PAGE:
The Ba’al Shem Tov: Reflecting Divinity

(Translated from Rabbi Ginsburgh’s book on the Ba’al Shem Tov, Or Yisrael, vol. 3, p. 70).

Once when the holy Ba’al Shem Tov was praying, a few hairs were sticking out over his ears. One of his disciples wanted to draw the Ba’al Shem Tov’s attention to this.[1]

After the prayers, the Ba’al Shem Tov said: “As long as up in Heaven the worlds that are called se’arot (hairs) are not straight, then the same is also true for me. When the worlds above will be straightened out, the hairs will come down from over my ears.”[2]

In the story about the Ba’al Shem Tov, Magical Mystery Shoes,[3] we learned that the tzaddik models all his ways according to the prototype of Heaven above—so much so that he even places his shoes in an exact place to reflect the spiritual reality in heaven. Our story is even more wondrous: The hairs were not intentionally placed over the Ba’al Shem Tov’s ears, but because that was the current spiritual reality in heaven, it was reflected in the tzaddik as well.[4]

It is possible, however, for reality to work the other way, as the Ba’al Shem Tov himself said:

“God is your shadow.”[5] “For the blessed God relates to a person also as a shadow. Just as a shadow does whatever the person does, so the Creator, may He be blessed, relates to a person as he is, as well.”[6]

In addition, it was said in the name of the Maggid of Mezritch: The meaning of the verse, “Know what is above you” is “Know [that] what is above [depends on] you.”[7] The status and situation of the upper worlds change according to the deeds and service of man.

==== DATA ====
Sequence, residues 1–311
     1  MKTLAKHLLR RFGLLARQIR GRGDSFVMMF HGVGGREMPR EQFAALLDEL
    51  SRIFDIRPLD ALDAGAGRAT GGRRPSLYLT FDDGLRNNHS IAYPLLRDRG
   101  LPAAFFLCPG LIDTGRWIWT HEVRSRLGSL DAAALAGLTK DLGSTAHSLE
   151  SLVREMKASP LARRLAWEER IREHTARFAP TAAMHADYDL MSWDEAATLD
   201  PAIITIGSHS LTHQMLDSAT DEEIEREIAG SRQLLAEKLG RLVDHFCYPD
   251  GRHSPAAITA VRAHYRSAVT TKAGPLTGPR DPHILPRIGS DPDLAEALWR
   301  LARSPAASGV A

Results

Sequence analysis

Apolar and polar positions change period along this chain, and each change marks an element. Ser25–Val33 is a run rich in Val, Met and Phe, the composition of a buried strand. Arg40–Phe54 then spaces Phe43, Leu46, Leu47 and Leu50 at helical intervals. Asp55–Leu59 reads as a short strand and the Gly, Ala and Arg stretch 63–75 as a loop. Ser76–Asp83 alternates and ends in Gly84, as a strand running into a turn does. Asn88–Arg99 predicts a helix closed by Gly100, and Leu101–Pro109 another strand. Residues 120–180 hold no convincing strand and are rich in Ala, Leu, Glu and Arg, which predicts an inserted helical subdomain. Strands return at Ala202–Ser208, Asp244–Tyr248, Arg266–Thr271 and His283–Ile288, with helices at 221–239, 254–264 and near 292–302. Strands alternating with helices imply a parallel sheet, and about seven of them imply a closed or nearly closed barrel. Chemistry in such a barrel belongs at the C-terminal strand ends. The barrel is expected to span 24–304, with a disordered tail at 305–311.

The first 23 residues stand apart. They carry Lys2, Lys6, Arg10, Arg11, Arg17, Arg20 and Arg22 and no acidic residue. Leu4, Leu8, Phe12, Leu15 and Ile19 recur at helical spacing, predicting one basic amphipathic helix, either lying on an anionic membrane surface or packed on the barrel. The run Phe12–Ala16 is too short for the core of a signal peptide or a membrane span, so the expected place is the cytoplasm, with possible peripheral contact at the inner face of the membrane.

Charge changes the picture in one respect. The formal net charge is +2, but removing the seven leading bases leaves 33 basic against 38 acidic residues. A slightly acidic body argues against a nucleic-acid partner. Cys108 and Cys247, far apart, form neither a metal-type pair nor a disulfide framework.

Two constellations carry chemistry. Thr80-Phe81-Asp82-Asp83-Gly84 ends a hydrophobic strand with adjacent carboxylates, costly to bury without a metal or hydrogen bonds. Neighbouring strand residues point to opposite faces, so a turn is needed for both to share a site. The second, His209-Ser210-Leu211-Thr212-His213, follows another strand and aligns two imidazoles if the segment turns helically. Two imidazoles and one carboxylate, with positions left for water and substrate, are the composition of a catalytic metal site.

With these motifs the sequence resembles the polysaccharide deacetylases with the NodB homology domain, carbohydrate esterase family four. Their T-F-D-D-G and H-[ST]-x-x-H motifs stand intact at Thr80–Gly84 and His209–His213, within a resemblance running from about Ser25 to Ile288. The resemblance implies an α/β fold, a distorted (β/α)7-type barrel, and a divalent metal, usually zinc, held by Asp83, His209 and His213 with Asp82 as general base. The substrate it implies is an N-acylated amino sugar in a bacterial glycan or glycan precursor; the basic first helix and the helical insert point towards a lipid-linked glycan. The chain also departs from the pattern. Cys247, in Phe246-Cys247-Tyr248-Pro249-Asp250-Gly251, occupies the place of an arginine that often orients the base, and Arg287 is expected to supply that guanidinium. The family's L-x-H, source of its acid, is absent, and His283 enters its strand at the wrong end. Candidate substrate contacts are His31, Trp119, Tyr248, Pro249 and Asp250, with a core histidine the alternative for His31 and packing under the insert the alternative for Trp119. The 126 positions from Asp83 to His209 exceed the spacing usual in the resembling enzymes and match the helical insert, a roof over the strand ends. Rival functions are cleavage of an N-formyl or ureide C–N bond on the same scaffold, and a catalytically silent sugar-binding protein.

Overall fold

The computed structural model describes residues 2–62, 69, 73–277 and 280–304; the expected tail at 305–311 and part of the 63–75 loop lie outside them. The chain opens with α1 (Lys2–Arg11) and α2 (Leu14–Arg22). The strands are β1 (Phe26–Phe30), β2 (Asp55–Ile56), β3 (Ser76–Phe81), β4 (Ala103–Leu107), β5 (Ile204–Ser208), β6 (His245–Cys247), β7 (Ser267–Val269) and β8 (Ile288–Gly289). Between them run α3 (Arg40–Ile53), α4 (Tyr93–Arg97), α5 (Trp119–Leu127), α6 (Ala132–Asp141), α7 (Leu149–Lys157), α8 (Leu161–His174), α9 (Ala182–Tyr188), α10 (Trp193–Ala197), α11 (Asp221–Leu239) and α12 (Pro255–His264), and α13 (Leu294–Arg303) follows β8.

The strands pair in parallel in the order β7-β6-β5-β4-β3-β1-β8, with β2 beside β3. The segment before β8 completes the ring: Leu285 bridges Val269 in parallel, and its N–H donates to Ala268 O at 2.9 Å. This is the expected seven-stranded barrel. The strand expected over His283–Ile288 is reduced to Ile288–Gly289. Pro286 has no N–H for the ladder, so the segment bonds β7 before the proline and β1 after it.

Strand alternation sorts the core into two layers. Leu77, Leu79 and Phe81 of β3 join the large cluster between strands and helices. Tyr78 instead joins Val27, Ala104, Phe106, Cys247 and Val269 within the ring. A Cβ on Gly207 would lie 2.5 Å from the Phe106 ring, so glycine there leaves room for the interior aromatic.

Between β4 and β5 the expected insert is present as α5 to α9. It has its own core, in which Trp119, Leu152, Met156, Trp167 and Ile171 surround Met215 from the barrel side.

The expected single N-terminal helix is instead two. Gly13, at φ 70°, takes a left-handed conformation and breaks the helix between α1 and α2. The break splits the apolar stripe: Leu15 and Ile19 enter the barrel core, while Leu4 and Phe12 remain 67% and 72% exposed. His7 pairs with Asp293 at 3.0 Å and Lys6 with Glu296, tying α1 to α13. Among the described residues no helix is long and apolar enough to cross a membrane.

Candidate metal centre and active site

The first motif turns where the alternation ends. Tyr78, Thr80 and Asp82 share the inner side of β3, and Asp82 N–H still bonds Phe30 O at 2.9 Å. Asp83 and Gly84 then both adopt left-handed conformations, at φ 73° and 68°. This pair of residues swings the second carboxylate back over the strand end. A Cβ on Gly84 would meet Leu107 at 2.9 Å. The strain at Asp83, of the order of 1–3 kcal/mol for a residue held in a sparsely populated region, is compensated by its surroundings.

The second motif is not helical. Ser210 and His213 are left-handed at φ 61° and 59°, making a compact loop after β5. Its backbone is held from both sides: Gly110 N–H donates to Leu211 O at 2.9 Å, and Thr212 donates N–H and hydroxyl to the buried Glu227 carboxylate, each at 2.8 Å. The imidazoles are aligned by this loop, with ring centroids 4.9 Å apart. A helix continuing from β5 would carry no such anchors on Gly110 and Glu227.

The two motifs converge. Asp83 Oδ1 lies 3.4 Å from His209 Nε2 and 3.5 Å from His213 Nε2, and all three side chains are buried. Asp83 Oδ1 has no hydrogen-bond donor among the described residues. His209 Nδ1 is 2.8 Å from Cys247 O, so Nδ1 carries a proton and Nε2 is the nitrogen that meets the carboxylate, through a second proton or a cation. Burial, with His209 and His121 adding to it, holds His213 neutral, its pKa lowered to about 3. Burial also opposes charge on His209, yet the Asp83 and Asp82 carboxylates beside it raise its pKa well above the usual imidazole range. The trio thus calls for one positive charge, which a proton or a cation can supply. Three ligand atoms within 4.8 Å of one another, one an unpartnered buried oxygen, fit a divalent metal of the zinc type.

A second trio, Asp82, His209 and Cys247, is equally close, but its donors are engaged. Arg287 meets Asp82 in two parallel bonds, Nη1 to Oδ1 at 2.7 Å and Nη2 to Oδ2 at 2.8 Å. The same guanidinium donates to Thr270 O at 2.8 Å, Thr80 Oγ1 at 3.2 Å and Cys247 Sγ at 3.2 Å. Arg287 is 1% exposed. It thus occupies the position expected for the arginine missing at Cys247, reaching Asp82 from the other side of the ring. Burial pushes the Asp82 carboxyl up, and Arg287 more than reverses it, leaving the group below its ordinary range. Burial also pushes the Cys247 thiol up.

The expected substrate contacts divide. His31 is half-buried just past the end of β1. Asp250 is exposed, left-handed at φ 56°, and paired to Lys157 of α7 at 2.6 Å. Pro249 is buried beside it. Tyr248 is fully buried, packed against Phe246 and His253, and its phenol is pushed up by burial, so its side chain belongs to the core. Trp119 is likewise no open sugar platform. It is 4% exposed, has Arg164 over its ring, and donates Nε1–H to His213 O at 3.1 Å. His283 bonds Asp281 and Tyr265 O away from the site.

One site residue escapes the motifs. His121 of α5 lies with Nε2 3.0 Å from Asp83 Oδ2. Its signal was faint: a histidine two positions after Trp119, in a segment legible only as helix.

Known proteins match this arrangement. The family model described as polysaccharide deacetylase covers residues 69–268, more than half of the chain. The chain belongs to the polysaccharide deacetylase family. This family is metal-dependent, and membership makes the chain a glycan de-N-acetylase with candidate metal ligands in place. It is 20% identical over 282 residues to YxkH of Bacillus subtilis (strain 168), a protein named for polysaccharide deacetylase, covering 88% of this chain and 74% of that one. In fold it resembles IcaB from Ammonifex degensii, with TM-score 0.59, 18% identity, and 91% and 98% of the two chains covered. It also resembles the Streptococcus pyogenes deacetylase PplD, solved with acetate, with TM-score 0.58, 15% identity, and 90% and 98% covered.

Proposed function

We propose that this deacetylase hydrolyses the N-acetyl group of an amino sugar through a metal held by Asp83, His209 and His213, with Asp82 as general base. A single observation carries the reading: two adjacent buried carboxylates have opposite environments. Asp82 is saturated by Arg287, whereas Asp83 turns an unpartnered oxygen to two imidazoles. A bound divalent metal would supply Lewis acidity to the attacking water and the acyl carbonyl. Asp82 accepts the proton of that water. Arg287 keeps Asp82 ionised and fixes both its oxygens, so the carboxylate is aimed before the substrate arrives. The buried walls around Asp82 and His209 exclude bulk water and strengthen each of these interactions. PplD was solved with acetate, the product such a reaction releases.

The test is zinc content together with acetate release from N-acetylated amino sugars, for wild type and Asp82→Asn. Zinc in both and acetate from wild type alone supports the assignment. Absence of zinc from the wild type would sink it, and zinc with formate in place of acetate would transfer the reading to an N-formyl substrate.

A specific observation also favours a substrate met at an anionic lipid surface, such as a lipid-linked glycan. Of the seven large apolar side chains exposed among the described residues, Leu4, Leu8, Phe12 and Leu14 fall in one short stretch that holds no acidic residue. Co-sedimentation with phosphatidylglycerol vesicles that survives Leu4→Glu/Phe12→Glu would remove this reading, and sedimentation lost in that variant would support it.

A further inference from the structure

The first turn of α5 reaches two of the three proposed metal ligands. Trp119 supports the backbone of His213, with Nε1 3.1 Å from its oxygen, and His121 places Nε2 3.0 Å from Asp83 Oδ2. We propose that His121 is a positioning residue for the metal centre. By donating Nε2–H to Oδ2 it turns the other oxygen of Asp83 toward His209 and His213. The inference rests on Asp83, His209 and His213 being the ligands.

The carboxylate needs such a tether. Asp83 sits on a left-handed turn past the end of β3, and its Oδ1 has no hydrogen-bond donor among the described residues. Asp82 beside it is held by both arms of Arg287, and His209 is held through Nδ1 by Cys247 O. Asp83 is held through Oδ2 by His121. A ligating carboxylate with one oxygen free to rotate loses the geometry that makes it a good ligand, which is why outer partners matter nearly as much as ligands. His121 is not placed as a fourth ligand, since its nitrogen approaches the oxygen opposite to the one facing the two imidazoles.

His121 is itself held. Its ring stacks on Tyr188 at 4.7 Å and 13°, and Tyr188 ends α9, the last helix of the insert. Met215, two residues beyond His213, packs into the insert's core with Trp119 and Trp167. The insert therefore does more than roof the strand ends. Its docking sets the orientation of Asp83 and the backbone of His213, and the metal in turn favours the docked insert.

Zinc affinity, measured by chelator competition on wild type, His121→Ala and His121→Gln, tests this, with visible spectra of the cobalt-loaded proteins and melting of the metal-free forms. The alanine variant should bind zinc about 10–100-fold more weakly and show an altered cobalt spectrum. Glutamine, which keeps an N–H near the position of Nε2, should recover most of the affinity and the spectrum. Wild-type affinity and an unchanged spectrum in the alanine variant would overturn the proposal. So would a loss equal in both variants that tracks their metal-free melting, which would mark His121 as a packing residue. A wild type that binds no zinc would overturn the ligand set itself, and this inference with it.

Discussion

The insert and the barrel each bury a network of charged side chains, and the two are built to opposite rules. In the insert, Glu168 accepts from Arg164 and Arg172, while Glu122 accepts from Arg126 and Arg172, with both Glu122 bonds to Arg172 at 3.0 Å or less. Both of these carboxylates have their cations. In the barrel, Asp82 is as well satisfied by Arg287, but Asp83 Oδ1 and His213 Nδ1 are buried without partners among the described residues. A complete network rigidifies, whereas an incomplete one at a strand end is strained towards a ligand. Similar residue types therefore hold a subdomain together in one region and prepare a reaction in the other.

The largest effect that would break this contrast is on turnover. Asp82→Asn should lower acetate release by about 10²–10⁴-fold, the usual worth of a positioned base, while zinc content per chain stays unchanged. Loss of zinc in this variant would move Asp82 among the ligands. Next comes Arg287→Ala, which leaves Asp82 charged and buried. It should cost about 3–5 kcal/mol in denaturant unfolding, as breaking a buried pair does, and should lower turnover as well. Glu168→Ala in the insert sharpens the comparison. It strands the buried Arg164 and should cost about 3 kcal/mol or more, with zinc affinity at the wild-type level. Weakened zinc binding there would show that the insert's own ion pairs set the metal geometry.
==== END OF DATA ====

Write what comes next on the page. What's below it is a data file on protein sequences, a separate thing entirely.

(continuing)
We must know, however, that not every problem can be suppressed or solved. While it is true that a tzaddik makes a decree and God fulfills that decree, the tzaddikim have an inner sense to know when God wants them to engage Him and decree that He should rectify and redeem a situation and when it is not appropriate to force the situation and coerce the rectification into reality. There is a verse that reveals this secret, “I adjure you, daughters of Jerusalem, by the gazelles or the hinds of the field, do not awaken or stir up the love until it is called for.”[8]

The Hebrew word for “hair” (שַׂעֲרָה) is cognate to the word meaning something that is limited or measured (שִׁעוּר). Thus, Chasidut teaches that hair represents the contraction or lessening of God’s revealed light—implying a limited and measured revelation. If so, then the hairs Above are not straight during the hardships of the long and bitter exile, during which time God’s light is concealed.

Such a powerful and universal hardship like the exile is not easy to rectify. It entails more than just straightening the hair with one’s hand. This is not how God wants to end the exile. Certainly, the Ba’al Shem Tov did all in his power with his prayer to hasten the redemption and to straighten the upper worlds, but he did not want to touch them with his finger. “Rachmana liba baei”[9]  – God desires that which is in the heart.

[1] According to the Arizal, one should ensure that during the Silent Prayer, there should be no hairs over his ears, so as not to block the “Ear Above” from listening to the prayer.

[2]. From Otzar Yisrael, addendums p. 26.

[3]. Available online at: https://inner.tiny.us/mms.

[4]. Similarly, the Rebbe Rashab related that there was a palpable difference between the Divine service of Rabbi Hillel of Paritch and the Alter Rebbe. Rabbi Hillel would take a brief nap prior to Shabbat, for he knew that this was the spiritual reality of slumber in heaven at this time. Conversely, the Alter Rebbe would fall asleep naturally prior to Shabbat, without any intention on his part.

[5]. Psalms 121:5.

[6]. Kedushat Levi, B’shalach and elsewhere.

[7] Or Torah 480 on Avot 2:1.

[8] Song of Songs 2:7.

[9] See Sanhedrin 106b.

 

Photo by Zoltan Tasi on Unsplash

Comments are closed.

Subscribe